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GDPR Basics

November 29, 2018

GDPR is a hot topic at the moment as it is set to revolutionise and homogenise data protection laws in the EU. The General Data Protection Regulations come into force on May 25 2018 and will replace the Data Protection Act in the UK. It is the biggest change in data protection legislation for over 25 years and is set to give individuals back control over their personal data.

Performance Leads has always taken data protection obligations seriously and will continue to do so under the new European legal framework surrounding the General Data Protection Regulation and ePrivacy Regulation.

Why Was GDPR Created?

There are two key reasons for the overhaul of the existing legislation:

The EU would like citizens to have more control of their own personal data.
The EU would like businesses to have a harmonised legal framework to work within.
At the moment there are a number of different regulations across the EU which can be confusing and lead to inefficiencies and a barrier to trade.

Who is in Scope?

The legislation itself reaches beyond EU borders to any country handling or contracting with another organisation to process the personal data of EU citizens.

Processor – The party processing the data
Controller – The party who defines how and why the personal data is

Key Regulatory Points

Personal data must be processed lawfully and lawful has a number of meanings. For example the data subject provides consent, compliance with a legal obligation, or it is essential for the life of the subject.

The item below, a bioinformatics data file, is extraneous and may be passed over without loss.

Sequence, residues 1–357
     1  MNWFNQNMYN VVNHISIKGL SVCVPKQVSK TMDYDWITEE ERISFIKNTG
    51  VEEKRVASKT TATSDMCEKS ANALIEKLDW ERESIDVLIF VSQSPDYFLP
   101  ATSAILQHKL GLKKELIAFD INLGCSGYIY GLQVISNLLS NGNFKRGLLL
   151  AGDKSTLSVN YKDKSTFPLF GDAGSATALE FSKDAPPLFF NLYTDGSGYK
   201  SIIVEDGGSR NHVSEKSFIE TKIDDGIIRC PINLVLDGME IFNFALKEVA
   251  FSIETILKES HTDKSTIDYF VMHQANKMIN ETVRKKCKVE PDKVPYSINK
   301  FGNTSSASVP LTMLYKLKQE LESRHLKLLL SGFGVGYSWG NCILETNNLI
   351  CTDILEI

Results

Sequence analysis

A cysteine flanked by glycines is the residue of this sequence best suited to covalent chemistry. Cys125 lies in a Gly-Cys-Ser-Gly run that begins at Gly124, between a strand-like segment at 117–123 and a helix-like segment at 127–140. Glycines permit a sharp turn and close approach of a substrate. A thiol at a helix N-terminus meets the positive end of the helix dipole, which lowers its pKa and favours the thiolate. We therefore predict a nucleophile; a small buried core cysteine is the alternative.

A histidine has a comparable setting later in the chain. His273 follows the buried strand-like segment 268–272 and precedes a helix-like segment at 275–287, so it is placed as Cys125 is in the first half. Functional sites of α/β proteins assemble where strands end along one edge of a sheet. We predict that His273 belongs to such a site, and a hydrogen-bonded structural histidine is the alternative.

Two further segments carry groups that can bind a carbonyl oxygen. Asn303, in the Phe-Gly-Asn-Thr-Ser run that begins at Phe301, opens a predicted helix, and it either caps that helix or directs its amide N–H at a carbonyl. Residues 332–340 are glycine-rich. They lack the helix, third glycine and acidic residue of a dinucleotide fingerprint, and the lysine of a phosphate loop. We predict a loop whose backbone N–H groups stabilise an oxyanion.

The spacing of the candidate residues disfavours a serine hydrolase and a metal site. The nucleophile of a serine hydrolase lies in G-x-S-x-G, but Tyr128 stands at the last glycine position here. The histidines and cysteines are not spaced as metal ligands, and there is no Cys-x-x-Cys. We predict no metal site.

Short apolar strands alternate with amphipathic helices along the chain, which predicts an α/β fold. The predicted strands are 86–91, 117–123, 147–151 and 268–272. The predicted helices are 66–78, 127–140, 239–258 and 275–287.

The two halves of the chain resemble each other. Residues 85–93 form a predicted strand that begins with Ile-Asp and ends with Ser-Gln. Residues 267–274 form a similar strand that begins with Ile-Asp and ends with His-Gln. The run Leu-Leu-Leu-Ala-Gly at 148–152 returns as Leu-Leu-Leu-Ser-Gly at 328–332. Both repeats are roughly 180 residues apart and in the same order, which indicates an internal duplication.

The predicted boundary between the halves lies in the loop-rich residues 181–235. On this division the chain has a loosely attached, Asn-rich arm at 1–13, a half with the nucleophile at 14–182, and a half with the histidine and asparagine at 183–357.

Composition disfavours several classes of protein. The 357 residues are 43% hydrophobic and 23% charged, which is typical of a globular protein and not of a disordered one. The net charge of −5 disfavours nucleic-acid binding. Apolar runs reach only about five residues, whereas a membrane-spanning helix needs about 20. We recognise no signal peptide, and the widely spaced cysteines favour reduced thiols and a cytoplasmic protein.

Consent for data to be stored must be active – i.e. the box must be ticked. Controllers must also record how and when the subject provided their consent.
Subjects have the right to access their personal data at ‘reasonable intervals’. What is ‘reasonable’ is based upon the type of data being held and how frequently it changes. The controller must deal with all requests within one month.
The right to be forgotten’ or the ‘right to erasure’ gives individuals the right, in certain circumstances, to have their personal data deleted.

Data Breach

In the event of a data breach, the organisation in question must notify the data protection authority within 72 hours of first becoming aware of the incident. This is an initial alert and it is expected that a full investigation and impact assessment will be undertaken thereafter. There are significant penalties for breach of the regulations – the greater of 4% of the organisation’s global annual turnover or 20 million Euros.

In Summary

Performance Leads has always taken data protection obligations seriously and will continue to do so under the new European legal framework surrounding the General Data Protection Regulation and ePrivacy Regulation. As an organisation we will be producing a series of blogs and checklists on GDPR with the goal of assisting our clients with their obligations under the new regulations.